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Atmospheric Chemistry and Physics An interactive open-access journal of the European Geosciences Union
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Volume 11, issue 17 | Copyright
Atmos. Chem. Phys., 11, 9019-9036, 2011
© Author(s) 2011. This work is distributed under
the Creative Commons Attribution 3.0 License.

Research article 05 Sep 2011

Research article | 05 Sep 2011

Quantification of the volatility of secondary organic compounds in ultrafine particles during nucleation events

J. R. Pierce1, I. Riipinen2,3,4, M. Kulmala2, M. Ehn2,*, T. Petäjä2, H. Junninen2, D. R. Worsnop2,5, and N. M. Donahue3 J. R. Pierce et al.
  • 1Department of Physics and Atmospheric Science, Dalhousie University, Halifax, Nova Scotia, Canada
  • 2Division of Atmospheric Sciences, Department of Physics, University of Helsinki, Helsinki, Finland
  • 3Center for Atmospheric Particle Studies, Carnegie Mellon University, Pittsburgh, Pennsylvania, USA
  • 4Institute of Chemical Engineering and High-Temperature (ICE-HT) Processes, Patras, Greece
  • 5Aerodyne Research Inc., MA-01821, Billerica, MA, USA
  • *currently at: Institute for Energy and Climate Research, Forschungszentrum Jülich, Jülich, Germany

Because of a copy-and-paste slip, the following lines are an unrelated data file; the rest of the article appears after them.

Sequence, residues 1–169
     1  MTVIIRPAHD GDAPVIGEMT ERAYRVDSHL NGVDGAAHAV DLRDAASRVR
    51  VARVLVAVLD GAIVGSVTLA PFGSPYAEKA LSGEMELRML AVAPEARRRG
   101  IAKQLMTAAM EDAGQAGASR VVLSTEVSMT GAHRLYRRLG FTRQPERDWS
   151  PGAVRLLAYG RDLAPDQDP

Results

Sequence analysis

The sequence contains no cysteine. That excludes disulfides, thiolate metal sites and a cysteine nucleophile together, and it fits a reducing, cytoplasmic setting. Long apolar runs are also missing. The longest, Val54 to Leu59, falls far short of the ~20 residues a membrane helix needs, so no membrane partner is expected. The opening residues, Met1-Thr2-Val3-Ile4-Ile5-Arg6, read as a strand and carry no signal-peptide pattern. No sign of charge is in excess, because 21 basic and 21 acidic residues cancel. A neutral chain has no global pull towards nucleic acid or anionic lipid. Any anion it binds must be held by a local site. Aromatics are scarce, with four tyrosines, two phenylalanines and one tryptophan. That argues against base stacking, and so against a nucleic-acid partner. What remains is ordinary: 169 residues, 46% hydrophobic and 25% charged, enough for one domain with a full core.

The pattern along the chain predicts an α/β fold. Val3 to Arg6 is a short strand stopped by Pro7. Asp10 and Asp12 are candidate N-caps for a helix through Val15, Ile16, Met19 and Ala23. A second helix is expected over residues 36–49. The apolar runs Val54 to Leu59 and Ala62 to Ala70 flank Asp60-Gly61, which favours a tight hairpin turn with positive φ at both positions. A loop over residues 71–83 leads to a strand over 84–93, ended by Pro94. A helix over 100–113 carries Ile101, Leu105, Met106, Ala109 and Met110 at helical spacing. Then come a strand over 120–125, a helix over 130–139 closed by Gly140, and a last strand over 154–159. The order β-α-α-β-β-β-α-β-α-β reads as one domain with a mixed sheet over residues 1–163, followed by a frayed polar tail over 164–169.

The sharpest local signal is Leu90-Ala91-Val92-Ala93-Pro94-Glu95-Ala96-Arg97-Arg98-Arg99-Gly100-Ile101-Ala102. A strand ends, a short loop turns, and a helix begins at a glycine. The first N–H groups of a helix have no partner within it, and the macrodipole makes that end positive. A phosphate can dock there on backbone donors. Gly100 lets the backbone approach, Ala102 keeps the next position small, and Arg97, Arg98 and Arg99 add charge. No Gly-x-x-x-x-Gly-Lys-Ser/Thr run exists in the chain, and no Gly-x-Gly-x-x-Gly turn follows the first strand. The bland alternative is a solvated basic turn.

Abstract. Condensation of secondary organic compounds onto ultrafine aerosols is important for growing these particles to sizes where they can act as cloud condensation nuclei. The organic flux to ultrafine particles depends strongly on the volatility of the condensing compounds. This paper presents quantitative estimates of the volatility of secondary organic aerosol (SOA) in freshly nucleated particles. We examine 13 nucleation/growth events in two remote continental locations, Hyytiälä, Finland and Egbert, ON, Canada. Two independent methods are used to quantify the volatility of the growing nucleation mode: (1) modelling of the growing nucleation mode to determine which volatilities allow the model to reproduce observed growth, and (2) modelling of the evaporation of heated aerosols in a Volatility Differential Mobility Particle Sizer to determine which volatilities allow the model to reproduce the observed evaporation. We find that the average saturation vapor concentration (C*) in the freshly nucleated particles (once Dp > 3 nm) is likely less than 10−3–10−2 μg m−3 (this corresponds to 3 × 106−3 × 107 molecules cm−3 and a saturation vapor pressure of 10−8–10−7 Pa). This maximum volatility depends somewhat on other uncertain factors that affect the size-dependent condensation of secondary organic compounds such as the surface tension, mass accommodation coefficient and the volatility of the pre-existing aerosols. However, our tests suggest that under no reasonable assumptions can the SOA in the ultrafine particles contain a majority of compounds with C* > 10−2 μg m−3. We demonstrate that the growth could be driven by either gas-phase or particle-phase chemistry but cannot conclude which is responsible for the low-volatility SOA.

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